Her husband Mervyn snr, Mervyn jnr, and the friend went to see Mgr Alex Stenson, then chancellor of the archdiocese. Mgr Stenson asked to speak to Mervyn jnr alone. “He told me I was lying and said I better tell the truth very quickly,” Mervyn jnr recalled. He remembered the monsignor said: “ ‘Stop your lies, stop telling your lies’ . . . It was really fierce, really savage. I was terrified. But I said, ‘I’m not telling lies’. And I wasn’t.”

It emerged later that other Donnycarney parents had also complained to the church authorities about Naughton. They contacted Naughton. He admitted the abuse and was sent for treatment. Four months later he was back in parish work at Ringsend. There he resumed his abuse, targeting two altar boys in particular. After two years, and further complaints, he was removed from active parish work.

Despite all of this, the Rundle family were put through the wringer by Archbishop’s House.

It was why Mervyn Rundle was so happy that day – January 28th, 2003. “That’s what today means. It means that, finally, they have to admit that I was never telling lies, that all I ever told was the truth, just me, a 10-year-old child against all those big priests.

“This took seven years out of my life, and that’s just this one court case. They fought us every inch of the way. They started by telling us they’d give €75,000; take it or leave it.

“But I was determined. I mean, my life was in bits. Would you take €75,000 for that? No way. So we kept on fighting. We knew it was important to get the documents, because of all the meetings my father had had with them back when I was a child. And when my solicitor got them, there it was in black and white – they knew all about the priest, they knew that he was at children before he ever came near Donnycarney and me.

“And even then they still fought us, even though they had known this all along. It’s beyond belief, really, what they’re prepared to do. They made me go though seven years of fighting to get to this point. They could have saved me all that.

“One of the things that really hurts me is what they did to my parents. Both of them were very active in the parish. It was my father’s proudest day when he was made a Minister of the Eucharist. And then all this happened, and when my father went and told them at the archbishop’s palace about me being abused by Naughton, everything changed.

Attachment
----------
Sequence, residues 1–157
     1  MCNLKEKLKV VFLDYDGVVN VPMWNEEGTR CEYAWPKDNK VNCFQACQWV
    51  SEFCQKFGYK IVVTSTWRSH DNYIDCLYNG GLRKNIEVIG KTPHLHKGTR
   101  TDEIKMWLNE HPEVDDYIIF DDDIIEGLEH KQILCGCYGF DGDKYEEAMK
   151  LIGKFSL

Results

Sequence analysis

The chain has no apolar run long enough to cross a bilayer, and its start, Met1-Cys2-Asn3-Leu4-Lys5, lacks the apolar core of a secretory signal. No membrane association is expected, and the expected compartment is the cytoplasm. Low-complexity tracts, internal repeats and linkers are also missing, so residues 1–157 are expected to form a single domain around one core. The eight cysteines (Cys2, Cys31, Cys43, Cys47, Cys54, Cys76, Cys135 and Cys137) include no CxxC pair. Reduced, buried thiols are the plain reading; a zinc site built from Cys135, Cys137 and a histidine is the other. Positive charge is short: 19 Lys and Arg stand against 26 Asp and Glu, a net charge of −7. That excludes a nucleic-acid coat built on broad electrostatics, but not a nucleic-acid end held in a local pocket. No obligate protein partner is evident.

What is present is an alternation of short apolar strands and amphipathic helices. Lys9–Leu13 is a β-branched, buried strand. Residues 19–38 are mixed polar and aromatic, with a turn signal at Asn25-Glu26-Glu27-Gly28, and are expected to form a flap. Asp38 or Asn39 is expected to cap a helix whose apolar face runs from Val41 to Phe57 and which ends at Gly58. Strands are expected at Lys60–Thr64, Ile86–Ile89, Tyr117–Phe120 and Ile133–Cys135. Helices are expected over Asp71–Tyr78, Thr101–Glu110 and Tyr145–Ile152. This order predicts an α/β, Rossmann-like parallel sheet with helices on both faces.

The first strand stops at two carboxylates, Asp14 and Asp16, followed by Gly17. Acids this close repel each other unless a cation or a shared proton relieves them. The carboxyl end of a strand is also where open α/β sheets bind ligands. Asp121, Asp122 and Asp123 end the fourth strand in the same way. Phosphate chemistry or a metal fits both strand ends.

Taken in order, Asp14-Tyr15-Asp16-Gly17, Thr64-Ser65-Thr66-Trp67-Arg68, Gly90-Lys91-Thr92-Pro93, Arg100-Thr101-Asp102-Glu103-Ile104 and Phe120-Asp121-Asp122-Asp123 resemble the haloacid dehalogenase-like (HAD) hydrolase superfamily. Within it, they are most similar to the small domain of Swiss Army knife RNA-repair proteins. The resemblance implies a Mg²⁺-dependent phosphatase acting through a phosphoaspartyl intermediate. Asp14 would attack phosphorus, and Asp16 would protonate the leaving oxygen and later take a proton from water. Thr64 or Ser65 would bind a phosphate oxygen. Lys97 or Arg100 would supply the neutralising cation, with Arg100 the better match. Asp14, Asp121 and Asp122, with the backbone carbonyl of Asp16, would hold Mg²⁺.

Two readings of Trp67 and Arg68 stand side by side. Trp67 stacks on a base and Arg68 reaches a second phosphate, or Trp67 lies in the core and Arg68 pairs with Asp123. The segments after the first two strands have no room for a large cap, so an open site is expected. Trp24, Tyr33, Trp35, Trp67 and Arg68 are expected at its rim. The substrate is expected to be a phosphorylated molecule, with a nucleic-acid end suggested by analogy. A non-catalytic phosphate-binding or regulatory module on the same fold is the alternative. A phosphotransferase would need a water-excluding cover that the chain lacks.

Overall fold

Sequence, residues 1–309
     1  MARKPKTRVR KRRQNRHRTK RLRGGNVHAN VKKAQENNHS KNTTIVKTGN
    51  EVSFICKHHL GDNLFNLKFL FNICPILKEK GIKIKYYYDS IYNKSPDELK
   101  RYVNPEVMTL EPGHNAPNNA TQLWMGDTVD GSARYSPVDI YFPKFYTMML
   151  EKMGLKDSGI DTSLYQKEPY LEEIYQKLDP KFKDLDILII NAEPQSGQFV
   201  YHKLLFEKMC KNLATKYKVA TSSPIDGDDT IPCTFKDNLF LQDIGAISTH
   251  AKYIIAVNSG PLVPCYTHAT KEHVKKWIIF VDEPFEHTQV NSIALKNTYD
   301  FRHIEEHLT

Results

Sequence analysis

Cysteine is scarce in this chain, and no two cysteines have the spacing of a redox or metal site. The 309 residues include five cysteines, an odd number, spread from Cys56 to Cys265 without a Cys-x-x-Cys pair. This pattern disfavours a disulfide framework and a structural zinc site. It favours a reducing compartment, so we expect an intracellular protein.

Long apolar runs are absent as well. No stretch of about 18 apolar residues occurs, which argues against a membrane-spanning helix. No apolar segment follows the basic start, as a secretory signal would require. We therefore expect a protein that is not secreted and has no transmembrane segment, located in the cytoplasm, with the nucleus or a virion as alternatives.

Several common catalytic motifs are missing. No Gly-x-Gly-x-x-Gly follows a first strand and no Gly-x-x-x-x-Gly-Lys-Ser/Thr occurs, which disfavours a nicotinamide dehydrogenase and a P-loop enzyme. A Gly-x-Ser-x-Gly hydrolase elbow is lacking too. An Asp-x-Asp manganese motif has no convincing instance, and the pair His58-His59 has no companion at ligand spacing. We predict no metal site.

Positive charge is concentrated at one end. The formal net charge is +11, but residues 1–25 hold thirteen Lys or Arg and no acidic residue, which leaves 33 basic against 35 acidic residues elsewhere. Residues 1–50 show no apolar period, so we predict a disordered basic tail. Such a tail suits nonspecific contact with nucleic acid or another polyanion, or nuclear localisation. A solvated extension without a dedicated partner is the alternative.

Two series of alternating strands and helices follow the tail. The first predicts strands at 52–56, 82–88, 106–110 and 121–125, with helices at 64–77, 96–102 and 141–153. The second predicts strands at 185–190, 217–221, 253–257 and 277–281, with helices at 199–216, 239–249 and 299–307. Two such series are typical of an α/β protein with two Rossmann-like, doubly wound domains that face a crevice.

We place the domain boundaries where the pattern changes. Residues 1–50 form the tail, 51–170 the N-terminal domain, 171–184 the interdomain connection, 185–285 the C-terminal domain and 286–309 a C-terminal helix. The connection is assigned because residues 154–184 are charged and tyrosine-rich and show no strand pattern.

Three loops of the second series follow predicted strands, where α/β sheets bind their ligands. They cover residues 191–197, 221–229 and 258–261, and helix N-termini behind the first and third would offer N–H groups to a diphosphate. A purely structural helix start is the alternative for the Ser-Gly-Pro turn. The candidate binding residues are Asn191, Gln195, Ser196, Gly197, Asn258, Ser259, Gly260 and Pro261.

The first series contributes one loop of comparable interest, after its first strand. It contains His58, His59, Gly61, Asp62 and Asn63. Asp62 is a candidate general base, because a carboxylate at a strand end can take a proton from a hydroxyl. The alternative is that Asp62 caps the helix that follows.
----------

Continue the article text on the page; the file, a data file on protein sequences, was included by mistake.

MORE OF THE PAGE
“My parents were shut out in the cold by the priests in the parish. They didn’t want to know my parents anymore; they cut them dead. That was just vicious.”

In 1995, Mervyn Rundle and his parents met Cardinal Connell about the abuse. He was very apologetic. But later, when the Rundles heard Naughton was still saying Mass publicly, they went to the gardaí.

Cardinal Connell did not inform gardaí that Naughton had admitted 10 years previously to abusing Mervyn. Mrs Rundle remembered how Mervyn “just cried and cried” after that meeting with Cardinal Connell. Mervyn, then 19, had become aware that other boys had been abused since he first reported the abuse to church authorities in 1985. “He cried so much because he felt guilty about the abuse of the others.”

After the settlement was announced, Cardinal Connell issued a statement expressing profound regret. He sincerely apologised, acknowledged that the abuse of Mervyn Rundle had occurred, and acknowledged that before he had been abused in 1985 “reasons for concern about the conduct of Fr Naughton had emerged which, had they been more successfully pursued, could have resulted in his withdrawal from parochial duties”.

There were five meetings with the archdiocese before the settlement and apology were agreed. Still, he was delighted. “I am delighted the Catholic Church has at last acknowledged the pain it caused a frightened young boy for so long,” he said.